Clark, J. Ransom. "Benjamin Weiser, A Secret Life...." Defense Intelligence Journal 16, no. 2 (2007): 155-156.
Review of Benjamin Weiser, A Secret Life: The Polish Officer, His Covert Mission, and the Price He Paid to Serve His Country (New York: Public Affairs, 2004). Click for text of this review.
Clark, J. Ransom.
1. "Central Intelligence Agency." In Encyclopedia of U.S. Political History, Volume Six: Postwar Consensus to Social Unrest, 1946 to 1975, ed. Thomas S. Langston, 78-82. Washington DC: CQ Press, 2010.
2. "CIA and Espionage." In Americans at War: Society, Culture, and the Homefront. Volume 4: 1946-Present, ed. John P. Resch, 26-28. Farmington Hills, MI: Thomson Gale, 2005.
Clark, J. Ransom. "Collection and Use of Open Source Intelligence." In NATO Open Source Intelligence Reader, 98-103. Brussels, Belgium: NATO and SACEUR, Feb. 2002. [http://www.au.af.mil/au/awc/awcgate/nato/osint_reader.pdf]
Clark, J. Ransom. "Encyclopedic Hits and Misses." International Journal of Intelligence and Counterintelligence 11, no. 2 (Summer 1998): 239-242.
Review of first edition of Norman Polmar and Thomas B. Allen, Spy Book: The Encyclopedia of Espionage (New York: Random House, 1997. London: Greenhill Books, 1997. Rev. ed. 1998. 2d ed. New York: Random House, 2004). Click for text of this review.
Clark, J. Ransom.
1. "Federal Bureau of Investigation." In Encyclopedia of U.S. Political History, Volume Six: Postwar Consensus to Social Unrest, 1946 to 1975, ed. Thomas S. Langston, 166-170. Washington DC: CQ Press, 2010.
2. "Federal Bureau of Investigation." In Encyclopedia of U.S. Political History, Volume Seven: The Clash of Conservatism and Liberalism, 1976 to Present, ed. Richard M. Valelly, 153-156. Washington DC: CQ Press, 2010.
3. "J. Edgar Hoover." In Encyclopedia of U.S. Political History, Volume Six: Postwar Consensus to Social Unrest, 1946 to 1975, ed. Thomas S. Langston, 199-201. Washington DC: CQ Press, 2010.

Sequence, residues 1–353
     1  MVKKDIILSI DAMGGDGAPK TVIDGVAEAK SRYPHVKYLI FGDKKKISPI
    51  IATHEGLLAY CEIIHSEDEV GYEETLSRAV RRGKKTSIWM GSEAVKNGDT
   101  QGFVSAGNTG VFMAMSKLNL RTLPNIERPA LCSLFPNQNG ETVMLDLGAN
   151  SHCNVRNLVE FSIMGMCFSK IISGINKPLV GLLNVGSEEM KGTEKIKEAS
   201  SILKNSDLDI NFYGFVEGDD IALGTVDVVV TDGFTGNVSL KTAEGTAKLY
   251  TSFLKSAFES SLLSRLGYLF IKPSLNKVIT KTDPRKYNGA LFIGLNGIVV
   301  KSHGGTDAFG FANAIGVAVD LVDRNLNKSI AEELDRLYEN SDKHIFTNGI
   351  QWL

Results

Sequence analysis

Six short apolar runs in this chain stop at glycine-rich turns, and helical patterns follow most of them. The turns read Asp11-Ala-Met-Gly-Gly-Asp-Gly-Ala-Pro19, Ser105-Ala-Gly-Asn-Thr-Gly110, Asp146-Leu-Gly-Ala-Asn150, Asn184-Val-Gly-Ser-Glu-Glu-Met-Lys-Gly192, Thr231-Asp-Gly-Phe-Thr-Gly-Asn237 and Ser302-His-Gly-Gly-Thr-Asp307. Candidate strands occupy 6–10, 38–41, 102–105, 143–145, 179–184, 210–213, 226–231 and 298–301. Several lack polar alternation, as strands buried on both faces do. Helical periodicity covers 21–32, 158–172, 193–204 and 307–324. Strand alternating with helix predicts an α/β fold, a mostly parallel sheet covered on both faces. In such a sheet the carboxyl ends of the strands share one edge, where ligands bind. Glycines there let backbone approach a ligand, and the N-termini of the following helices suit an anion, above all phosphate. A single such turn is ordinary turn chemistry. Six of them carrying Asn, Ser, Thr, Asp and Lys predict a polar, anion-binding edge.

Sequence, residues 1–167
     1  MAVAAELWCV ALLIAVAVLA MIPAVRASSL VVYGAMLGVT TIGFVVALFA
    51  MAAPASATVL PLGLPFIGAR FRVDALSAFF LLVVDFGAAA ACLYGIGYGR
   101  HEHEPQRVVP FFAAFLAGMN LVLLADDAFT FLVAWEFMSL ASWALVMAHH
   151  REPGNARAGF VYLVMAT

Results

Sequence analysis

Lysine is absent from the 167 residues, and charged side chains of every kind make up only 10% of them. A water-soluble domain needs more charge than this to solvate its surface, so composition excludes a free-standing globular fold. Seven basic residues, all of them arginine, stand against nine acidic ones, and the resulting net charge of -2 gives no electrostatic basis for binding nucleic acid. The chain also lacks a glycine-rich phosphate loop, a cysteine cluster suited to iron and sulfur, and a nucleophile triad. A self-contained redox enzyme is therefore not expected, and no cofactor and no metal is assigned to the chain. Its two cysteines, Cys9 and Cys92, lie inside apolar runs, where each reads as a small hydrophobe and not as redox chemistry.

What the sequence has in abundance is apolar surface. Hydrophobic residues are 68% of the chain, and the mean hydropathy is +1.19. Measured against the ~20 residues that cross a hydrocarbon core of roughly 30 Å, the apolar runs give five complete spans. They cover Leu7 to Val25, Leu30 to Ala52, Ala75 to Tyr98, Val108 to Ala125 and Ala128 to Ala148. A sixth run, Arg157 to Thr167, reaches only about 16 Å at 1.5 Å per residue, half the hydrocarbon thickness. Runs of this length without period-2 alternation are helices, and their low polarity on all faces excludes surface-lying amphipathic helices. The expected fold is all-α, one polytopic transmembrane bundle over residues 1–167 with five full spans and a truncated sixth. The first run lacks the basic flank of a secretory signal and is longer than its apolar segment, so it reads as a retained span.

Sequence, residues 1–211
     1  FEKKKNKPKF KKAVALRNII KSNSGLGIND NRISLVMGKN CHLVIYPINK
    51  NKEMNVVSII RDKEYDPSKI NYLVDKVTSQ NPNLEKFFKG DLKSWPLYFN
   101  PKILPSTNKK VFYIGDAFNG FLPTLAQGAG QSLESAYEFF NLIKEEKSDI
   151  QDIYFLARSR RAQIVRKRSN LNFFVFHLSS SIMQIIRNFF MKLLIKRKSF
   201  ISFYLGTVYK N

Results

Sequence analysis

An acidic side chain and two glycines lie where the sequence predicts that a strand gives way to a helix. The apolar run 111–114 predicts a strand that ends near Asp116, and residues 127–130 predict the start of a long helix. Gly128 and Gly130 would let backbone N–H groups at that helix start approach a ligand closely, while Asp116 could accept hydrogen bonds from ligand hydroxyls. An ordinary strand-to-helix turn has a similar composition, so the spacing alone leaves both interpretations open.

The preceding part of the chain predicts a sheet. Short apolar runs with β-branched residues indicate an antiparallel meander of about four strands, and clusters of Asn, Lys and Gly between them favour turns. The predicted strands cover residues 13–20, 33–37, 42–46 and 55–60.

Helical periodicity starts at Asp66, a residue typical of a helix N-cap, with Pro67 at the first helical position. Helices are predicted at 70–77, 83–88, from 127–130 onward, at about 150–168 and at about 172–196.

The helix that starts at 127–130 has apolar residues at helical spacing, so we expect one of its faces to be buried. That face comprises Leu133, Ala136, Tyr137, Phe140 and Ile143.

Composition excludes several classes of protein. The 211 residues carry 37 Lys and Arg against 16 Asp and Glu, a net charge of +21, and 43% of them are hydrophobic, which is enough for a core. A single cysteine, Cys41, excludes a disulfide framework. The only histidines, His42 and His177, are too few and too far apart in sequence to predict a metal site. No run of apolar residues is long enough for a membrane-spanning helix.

Clark, J. Ransom. Intelligence and National Security: A Reference Handbook. Westport, CT: Praeger Security International Reference, 2007. [http://www.greenwood.com/psi/book_detail.aspx?sku=C9298]
From publisher: "Clark presents a brief history of the creation and development of the intelligence services in the United States. He centers his examination on the two main constants in the American way of gathering, processing, analyzing, and using intelligence -- change and a concern for the impact of secret activities on democratic government. Resolving the ever-growing need for informed decision making continues to put pressure on the country's ability to manage and provide oversight of intelligence. Clark assesses how those forces have resulted in ongoing changes to the intelligence apparatus in the United States. Consistent with other volumes in this series, Clark supplements his narrative with key documents and brief biographies of influential personalities within the intelligence community to further illustrate his conclusions.